Security at a new level in District 86
Former Hinsdale police chief leading team dedicated to keeping students safe at school
Last updated 1/22/2020 at 4:24pm | View PDF
The second-floor room at Hinsdale Central High School looks like other administrative offices, with desks and computers and a Keurig machine.
But the command center has one unique feature - two 65-inch screens that can pull up as many as 36 views from the 150 security cameras in and around the high school.
On this Tuesday morning, security officer Tammy Madden is monitoring activity. She's a retired commander from the Oak Brook Police Department, notes Kevin Simpson, security director for Hinsdale High School District 86 and former Hinsdale police chief.
In the year he has been on the job, Simpson has hired a team at Hinsdale Central and Hinsdale South that has more than 200 years of combined law enforcement experience.
"You can't put a dollar value on that and you couldn't train individuals to work security that have the background Tammy has as a commander in Oak Brook," Simpson said.
The cameras are monitored from 6:45 a.m. to 10 p.m. weekdays when school is in session (identical command centers exist at both campuses). Monitoring the video feed is one of the shifts security officers rotate through during the day. They walk the halls, monitor entrances and exits at arrival and dismissal, patrol the building's exterior by car and on foot and work special events, among other duties. They also spend time getting to know students.
"I don't have anybody who is running up and down the hallways trying to scare kids or intimidate kids," Simpson said. "They are building relationships."
District 86 Superintendent Tammy Prentiss said the fruits of that effort are evident when she's visiting the schools.
"They are interactive with our students. There are positive relationships. That's what you want first and foremost," she said.
Some of the security officers laid the groundwork for those relationships years earlier. Mark Keller is the retired school resource officer from Central, and Mike Coughlin taught countless Central students while they were in elementary school as the Drug Abuse Resistance Education officer for the Hinsdale Police Department.
"It's not some security guard sitting at the front door or sitting in the lunchroom talking to somebody. It's Officer Coughlin," Simpson said. "It's people we know who are invested in this community."
Former officers bring a specific type of experience to the position as well - 25 to 30 years of training on weapon use, retention and maintenance, Simpson said. Individuals who qualify for an Illinois Retired Officer Concealed Carry permit can be armed on school property. Simpson wouldn't reveal how many individuals on campus are armed at any given time. He noted that studies show an earlier confrontation with a school shooter results in an quicker conclusion to the event.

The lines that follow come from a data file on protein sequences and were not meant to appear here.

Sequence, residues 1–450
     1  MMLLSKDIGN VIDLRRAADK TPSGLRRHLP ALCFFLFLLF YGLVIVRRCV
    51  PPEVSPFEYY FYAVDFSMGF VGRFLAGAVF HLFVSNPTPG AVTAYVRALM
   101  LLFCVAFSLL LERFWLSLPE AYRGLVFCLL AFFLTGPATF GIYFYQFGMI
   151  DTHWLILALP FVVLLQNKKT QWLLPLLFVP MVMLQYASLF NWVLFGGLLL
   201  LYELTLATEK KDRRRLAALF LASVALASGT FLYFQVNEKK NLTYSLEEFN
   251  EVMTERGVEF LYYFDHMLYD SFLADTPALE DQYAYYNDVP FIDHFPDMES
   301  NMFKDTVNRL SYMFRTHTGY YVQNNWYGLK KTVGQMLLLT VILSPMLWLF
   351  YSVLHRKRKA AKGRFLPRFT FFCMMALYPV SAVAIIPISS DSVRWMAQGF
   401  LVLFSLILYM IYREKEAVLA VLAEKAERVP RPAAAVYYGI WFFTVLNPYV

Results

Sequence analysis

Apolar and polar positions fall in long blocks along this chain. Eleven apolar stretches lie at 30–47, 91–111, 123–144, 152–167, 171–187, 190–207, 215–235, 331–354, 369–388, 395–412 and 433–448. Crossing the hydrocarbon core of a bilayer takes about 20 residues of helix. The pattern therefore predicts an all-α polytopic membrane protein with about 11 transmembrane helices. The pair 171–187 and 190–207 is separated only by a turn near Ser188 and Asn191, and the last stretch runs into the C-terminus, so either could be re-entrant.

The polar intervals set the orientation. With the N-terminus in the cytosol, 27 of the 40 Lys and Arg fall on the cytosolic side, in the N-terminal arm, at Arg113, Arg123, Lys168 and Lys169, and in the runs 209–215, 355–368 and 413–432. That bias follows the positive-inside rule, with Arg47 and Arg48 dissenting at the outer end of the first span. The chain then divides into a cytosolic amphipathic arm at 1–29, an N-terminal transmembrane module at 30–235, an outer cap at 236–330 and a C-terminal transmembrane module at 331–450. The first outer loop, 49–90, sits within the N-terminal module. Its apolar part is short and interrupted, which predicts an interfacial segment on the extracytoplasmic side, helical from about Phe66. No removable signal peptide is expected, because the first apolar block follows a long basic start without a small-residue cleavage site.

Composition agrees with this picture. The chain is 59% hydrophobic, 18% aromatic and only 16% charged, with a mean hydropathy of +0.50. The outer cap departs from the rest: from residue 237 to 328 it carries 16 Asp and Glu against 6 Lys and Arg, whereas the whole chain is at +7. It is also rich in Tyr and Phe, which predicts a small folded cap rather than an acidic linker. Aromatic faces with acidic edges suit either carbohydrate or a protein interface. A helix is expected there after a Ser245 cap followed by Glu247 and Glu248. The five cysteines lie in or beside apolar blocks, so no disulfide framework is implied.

"It's not going to eliminate it - none of this is foolproof," he said. "We're trying to mitigate the risks that are involved to put the odds back in our favor."
Simpson points to the Starcom radio in the command center as another tool security officers can use in the event of a crisis. The radio is the same one used by all local police and fire departments.
"Tammy could be viewing real time information in the cameras and communicating directly with units that are responding," he said.
He and members of his team - Keller, Coughlin and Ed Rompa at Hinsdale South - are working to create a new emergency operation plan that incorporates suggestions from the DuPage County Regional Office of Education and will be used districtwide.
The strengthened security presence has had a positive effect on student behavior as well, Simpson and Prentiss said.
"I will tell you that the hallways when the bell rings are almost always empty and that was not the culture (previously)," Prentiss said. "Everyone seems to be where they need to be on time."
Simpson clearly is excited about the work he and his team have been doing and said other districts also are moving toward creating a separate security department.
"This is too much for an assistant principal or a dean to do," he said.
He expressed gratitude to the Hinsdale High School District 86 administration and school board for recognizing the need and making the investment in technology and personnel.
"At the end of the day, if something is to happen in the hallway at Central or South, I feel so much better knowing I have people who can address it," he said.
"You have people here who would be running to that threat instead of away from it."